The Golden Lion is awarded in 1990 to Rosencrantz and Guildenstern Are Dead by Tom Stoppard which provokes new controversy. The jury, lead by Gore Vidal, preferred it to the emerging talent and vision of Jane Campion, provoking bitterness among the public, a great number of them colleagues in the realm of film art, bringing back to mind the disputes of the ’50s, when the jury ignored the two films of Luchino Visconti.
The following year the film that surprises everyone is Raise the Red Lantern by Chinese director Yimou Zhang, but once again the film greatly admired by the public and the critics does not get the Golden Lion; instead the award goes to Urga by Nikita Michalkov.
The latest editions under the direction of Maurizio Biraghi are characterized by the wide variety of selected films, thanks to the massive influx of young American directors: most memorable are the appearances of Spike Lee and Gus Van Sant. In addition to the young people, as always, the festival draws established and recognized film legends, such as Martin Scorsese, present in 1990 with Goodfellas and Jean-Luc Godard, present the following year with Allemagne 90 neuf zéro (Germany Year 90 Nine Zero).
Italian director Gillo Pontecorvo becomes the curator of the festival in 1992, and eventually becomes the director in 1996; quickly imprinting his character on the reorganization of the festival, which is clearly the responsibility of the director. Three orders of business: first, to make the lagoon city the capital of film directors; second: bring back "in person" the great directors and stars to Lido of Venice; third and finally, try to revitalize the area around the Cinema Palace thanks to the presence of the young.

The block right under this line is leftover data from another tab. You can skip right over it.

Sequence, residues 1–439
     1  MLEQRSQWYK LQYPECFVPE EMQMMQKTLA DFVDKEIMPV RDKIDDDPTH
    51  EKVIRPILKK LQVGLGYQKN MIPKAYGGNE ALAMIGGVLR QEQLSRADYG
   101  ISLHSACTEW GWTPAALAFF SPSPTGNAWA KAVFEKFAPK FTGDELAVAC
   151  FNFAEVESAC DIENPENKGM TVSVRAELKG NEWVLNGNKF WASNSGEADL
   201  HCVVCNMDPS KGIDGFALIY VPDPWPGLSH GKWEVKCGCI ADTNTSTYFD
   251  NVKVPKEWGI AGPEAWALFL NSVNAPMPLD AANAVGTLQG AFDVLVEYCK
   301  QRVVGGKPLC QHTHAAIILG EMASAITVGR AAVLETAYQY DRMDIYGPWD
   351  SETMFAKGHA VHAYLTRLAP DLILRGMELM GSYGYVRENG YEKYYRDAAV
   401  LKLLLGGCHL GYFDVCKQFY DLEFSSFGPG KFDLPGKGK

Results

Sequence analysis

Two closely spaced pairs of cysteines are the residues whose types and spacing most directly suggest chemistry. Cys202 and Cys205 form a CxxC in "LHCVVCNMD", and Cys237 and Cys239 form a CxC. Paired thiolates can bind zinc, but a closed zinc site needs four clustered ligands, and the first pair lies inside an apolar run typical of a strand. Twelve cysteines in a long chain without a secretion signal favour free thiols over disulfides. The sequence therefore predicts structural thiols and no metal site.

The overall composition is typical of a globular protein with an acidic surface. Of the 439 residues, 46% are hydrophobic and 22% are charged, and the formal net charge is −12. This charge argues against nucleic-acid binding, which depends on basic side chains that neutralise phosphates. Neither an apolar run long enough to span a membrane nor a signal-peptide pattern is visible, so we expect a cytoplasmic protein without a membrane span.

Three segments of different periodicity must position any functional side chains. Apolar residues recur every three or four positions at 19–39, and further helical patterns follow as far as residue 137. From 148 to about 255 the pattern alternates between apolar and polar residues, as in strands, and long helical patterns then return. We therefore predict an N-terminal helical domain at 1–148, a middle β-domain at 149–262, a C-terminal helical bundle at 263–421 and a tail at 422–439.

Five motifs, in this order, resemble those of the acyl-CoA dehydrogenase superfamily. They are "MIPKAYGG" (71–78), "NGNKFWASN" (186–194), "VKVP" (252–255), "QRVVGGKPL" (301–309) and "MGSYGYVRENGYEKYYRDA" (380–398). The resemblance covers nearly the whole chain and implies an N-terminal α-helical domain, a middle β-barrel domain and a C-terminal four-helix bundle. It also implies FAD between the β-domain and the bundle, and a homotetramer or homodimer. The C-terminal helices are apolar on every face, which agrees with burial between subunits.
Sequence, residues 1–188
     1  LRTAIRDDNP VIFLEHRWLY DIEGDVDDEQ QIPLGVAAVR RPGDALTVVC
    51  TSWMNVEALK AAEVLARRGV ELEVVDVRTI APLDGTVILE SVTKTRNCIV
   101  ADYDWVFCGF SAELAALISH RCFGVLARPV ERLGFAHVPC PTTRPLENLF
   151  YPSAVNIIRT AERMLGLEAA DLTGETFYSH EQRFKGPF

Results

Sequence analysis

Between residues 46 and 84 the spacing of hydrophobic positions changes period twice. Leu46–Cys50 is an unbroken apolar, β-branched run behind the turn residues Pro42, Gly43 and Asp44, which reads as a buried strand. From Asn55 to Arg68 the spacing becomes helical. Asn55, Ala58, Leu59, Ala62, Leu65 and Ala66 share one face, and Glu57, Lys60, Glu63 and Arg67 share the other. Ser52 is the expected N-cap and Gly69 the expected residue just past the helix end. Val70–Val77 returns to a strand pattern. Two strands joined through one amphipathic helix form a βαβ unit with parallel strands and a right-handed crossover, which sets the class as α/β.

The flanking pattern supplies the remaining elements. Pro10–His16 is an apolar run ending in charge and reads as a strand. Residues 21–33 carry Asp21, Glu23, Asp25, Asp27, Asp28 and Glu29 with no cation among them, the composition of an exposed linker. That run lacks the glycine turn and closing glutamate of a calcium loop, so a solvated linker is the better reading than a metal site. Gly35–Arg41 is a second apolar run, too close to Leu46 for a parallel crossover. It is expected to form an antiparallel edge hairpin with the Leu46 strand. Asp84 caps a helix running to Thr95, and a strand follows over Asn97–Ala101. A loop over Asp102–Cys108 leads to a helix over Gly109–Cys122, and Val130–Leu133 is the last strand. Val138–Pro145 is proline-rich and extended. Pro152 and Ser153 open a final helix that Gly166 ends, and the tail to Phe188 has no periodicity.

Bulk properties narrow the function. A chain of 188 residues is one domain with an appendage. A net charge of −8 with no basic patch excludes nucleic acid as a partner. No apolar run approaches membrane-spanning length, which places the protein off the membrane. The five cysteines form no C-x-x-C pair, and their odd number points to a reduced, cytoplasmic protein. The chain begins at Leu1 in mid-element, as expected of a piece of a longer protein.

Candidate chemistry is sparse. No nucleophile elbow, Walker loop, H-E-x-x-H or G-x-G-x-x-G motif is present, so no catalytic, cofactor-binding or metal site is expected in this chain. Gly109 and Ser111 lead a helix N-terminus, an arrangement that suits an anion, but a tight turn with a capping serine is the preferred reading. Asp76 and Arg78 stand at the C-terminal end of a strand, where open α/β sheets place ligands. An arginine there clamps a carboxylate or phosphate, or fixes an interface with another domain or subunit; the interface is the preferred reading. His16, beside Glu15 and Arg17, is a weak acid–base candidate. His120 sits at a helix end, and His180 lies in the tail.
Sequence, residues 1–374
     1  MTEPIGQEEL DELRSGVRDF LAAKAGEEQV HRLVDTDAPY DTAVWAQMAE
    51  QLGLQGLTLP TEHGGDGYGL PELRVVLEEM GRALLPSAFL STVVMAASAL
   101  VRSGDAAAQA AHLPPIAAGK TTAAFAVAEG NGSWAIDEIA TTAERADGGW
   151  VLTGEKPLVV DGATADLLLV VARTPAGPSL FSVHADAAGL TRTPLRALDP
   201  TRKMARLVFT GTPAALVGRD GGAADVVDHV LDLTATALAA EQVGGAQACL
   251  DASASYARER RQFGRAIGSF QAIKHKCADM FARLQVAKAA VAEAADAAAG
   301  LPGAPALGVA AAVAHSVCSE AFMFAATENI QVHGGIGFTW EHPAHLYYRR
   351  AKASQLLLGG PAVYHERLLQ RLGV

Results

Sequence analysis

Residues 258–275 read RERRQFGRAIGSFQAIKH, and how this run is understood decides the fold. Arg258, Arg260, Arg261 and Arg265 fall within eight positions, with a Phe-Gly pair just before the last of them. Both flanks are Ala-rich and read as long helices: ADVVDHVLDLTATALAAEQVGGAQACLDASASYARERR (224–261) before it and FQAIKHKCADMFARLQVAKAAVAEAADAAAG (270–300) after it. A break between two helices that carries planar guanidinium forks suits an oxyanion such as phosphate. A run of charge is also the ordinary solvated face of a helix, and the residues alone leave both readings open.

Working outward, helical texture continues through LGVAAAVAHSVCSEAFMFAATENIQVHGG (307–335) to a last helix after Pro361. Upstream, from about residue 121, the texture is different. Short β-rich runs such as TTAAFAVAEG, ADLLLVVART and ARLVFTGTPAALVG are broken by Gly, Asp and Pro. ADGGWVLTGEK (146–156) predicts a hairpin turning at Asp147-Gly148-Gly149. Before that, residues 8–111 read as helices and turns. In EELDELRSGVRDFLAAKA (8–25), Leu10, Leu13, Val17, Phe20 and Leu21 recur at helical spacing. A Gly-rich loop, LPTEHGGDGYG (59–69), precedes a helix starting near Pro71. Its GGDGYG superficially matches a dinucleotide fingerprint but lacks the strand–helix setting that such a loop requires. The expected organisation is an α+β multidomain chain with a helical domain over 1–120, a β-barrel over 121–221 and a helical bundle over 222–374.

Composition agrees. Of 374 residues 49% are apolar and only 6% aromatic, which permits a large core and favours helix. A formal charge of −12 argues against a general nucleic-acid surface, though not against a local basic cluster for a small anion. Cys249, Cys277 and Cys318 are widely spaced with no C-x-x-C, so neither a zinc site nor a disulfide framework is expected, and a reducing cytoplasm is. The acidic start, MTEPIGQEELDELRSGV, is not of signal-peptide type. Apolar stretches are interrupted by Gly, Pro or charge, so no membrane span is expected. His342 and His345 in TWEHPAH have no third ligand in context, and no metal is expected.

Thanks to a long and remarkable series of initiatives and events, the festival seems to regain new vigor. During his mandate, Gillo Pontecorvo seems to succeed in carrying out his "mission". Venice hosts a court of directors (1993), numerous conventions and sees the dawn of UMAC (Unione Mondiale degli Autori Cinematografici – International Federation of Film Producers), created from the merger of AAIC (Associazione Autori Cinematografici Italiani – Association of Italian Film Producers) and ANAC (Associazione Nazionale Esercenti Cinema – National Association of Theater Owners).
The "Night" session hosts spectacular films of great interest, and Lido in turn hosts Hollywood superstars, such as Jack Nicholson, Harrison Ford, Bruce Willis, Kevin Costner, Mel Gibson, Nicole Kidman, Tom Hanks and Denzel Washington. These are the names of film actors present at the review, which are equally as prestigious as the Golden Lion for Career Achievement winners: Dustin Hoffman, Al Pacino, Robert De Niro, Francis Ford Coppola, who in 1992 all received the prize along with "Italian idol" Paolo Villaggio, the first comedian to receive such acknowledgment.